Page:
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At-Risk Owners Struggle to Get Pandemic Aid

Federal pandemic bills include funding to help at-risk owners avoid foreclosure, but many states’ delivery programs are sluggish, says Jacksonville Legal Aid rep.

NEW YORK – Homeowners hoping to stave off foreclosure by tapping federal pandemic aid have found themselves facing an uphill climb. The nearly $10 billion Homeowner Assistance Fund relied heavily on individual states to set up distribution programs, and some have responded better than others. Obstacles have ranged from sluggish program implementation to application backlogs.

“The homeowner shouldn’t be fighting on two battlefronts,” says Jim Kowalski Jr. with Florida’s Jacksonville Area Legal Aid.

The National Council of State Housing Agencies reports that the assistance fund apportioned roughly $2 billion to more than 150,000 households through the end of September, while Attom estimated that there were some 324,000 foreclosure filings last year. That’s more than twice the number in the previous year, but foreclosure moratoriums account for much of the increase.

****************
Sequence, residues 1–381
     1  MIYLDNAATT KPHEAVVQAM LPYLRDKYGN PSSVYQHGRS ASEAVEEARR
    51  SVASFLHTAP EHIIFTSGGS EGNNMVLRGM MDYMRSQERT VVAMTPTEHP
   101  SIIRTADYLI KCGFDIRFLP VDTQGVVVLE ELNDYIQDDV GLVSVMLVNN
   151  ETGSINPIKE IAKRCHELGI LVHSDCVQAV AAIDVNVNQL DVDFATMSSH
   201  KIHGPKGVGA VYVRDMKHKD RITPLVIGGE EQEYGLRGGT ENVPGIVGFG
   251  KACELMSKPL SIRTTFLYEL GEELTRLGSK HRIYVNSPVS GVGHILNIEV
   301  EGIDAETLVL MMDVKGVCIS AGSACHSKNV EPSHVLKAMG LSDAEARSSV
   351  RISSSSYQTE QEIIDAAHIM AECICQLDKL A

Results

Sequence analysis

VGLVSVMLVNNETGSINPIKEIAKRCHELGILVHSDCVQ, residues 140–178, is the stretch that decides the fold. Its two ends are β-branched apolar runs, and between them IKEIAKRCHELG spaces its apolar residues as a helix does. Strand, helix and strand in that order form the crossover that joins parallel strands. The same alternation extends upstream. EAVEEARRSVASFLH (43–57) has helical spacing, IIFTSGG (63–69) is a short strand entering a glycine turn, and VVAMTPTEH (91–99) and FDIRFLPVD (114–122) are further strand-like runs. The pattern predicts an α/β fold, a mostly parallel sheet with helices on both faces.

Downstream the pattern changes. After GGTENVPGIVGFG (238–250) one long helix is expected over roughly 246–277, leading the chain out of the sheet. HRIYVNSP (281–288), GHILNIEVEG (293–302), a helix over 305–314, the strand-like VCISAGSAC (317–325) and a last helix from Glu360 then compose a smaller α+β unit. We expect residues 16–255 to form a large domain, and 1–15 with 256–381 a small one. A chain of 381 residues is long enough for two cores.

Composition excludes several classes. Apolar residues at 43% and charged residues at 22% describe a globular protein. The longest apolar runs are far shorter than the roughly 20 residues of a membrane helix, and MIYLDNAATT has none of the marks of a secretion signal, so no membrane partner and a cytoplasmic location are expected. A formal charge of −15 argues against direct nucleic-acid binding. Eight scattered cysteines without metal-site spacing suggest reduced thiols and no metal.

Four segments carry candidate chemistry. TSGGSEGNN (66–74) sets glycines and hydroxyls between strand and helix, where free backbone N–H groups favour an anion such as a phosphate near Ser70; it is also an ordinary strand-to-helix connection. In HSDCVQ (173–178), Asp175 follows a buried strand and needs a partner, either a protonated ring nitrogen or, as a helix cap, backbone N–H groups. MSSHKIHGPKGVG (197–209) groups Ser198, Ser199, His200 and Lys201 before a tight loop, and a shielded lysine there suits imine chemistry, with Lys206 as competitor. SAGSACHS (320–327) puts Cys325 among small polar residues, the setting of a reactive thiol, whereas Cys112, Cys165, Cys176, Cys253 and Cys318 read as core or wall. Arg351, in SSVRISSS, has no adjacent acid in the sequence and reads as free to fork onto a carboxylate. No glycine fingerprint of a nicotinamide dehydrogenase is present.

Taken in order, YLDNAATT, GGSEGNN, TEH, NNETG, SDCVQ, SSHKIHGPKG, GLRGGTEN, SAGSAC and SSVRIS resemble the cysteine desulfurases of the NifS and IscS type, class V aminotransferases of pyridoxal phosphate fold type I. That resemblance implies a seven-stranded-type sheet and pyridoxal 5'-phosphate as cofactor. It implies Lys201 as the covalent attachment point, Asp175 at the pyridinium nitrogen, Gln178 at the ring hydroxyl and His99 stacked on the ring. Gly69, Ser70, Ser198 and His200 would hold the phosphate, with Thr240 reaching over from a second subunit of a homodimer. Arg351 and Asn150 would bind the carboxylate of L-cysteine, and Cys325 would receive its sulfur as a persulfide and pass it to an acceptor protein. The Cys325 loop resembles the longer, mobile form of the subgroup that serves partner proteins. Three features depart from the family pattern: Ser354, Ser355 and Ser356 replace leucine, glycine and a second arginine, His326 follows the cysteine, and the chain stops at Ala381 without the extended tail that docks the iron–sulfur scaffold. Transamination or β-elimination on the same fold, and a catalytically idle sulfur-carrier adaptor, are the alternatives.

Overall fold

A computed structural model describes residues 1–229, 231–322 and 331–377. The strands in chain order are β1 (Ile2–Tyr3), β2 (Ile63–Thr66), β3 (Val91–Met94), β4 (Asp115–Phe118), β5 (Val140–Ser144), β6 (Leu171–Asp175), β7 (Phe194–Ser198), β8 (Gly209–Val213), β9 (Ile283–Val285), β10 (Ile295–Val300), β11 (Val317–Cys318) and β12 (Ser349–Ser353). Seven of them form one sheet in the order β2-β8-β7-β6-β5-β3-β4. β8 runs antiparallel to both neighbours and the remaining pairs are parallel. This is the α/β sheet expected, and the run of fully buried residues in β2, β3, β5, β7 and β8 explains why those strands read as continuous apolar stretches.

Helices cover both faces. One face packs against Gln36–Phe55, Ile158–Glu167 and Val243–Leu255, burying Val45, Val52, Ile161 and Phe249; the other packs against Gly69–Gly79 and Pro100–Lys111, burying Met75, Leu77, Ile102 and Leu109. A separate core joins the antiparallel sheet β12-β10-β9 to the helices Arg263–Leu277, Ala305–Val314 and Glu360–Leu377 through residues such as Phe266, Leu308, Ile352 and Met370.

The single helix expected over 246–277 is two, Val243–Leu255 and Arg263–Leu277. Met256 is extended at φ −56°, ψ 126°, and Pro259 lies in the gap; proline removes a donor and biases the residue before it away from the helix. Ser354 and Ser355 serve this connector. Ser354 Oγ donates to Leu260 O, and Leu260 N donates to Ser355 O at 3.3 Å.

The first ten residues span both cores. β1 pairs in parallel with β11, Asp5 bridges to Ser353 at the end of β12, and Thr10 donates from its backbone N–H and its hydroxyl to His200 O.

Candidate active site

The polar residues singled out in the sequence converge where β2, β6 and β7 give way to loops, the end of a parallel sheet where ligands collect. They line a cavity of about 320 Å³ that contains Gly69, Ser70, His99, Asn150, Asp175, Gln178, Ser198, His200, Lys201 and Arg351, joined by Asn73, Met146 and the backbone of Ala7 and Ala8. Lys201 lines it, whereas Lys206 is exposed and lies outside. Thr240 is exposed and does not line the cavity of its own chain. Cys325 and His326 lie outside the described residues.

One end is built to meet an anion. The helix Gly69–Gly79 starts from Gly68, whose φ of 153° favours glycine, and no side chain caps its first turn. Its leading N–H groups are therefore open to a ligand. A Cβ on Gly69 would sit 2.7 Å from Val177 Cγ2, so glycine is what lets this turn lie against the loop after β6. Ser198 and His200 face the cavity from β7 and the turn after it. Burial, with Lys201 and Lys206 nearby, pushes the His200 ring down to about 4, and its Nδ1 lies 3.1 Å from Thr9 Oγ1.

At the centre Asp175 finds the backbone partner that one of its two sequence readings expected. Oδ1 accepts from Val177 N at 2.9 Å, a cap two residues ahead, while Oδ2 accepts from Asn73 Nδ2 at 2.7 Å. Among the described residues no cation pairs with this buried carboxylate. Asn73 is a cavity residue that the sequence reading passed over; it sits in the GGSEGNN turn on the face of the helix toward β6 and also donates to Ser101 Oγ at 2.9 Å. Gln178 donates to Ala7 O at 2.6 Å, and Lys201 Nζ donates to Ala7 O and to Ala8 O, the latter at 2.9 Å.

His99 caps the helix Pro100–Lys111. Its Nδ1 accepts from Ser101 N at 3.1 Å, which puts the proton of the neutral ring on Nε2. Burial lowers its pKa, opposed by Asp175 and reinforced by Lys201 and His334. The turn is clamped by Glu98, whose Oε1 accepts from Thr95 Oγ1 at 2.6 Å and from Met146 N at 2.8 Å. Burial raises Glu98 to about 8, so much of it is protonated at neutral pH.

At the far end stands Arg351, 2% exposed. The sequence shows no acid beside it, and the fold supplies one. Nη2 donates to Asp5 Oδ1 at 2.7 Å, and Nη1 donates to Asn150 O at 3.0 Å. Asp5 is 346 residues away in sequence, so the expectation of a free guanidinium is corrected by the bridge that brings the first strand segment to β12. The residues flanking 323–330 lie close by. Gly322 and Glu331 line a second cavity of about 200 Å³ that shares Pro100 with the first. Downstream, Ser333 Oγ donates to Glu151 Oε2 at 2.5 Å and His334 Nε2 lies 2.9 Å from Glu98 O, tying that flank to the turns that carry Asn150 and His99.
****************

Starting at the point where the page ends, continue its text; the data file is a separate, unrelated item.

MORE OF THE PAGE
Most states handed out the money as grants, but about 200 homeowners have complained about the program so far to the Consumer Financial Protection Bureau (CFPB), including some concerning foreclosures that proceeded while they were waiting on aid.

Servicers are required to pause foreclosure proceedings for 60 days when a homeowner with a Fannie Mae or Freddie Mac loan applies for funds, but that’s not required for Department of Veterans Affairs loans (VA loans) and other government-backed mortgages.

Some supporters say assistance programs in states like New York and Texas are running smoothly, while some other states “are taking an alarming amount of time,” according to National Housing Law Project lawyer Stacey Tutt.

According to Tutt, homeowners who get assistance approval after a prolonged delay might find their unpaid debt has increased in the interim, forcing them to tap even more assistance funds that leave less for other applicants.

Source: Wall Street Journal (01/22/23) Eisen, Ben

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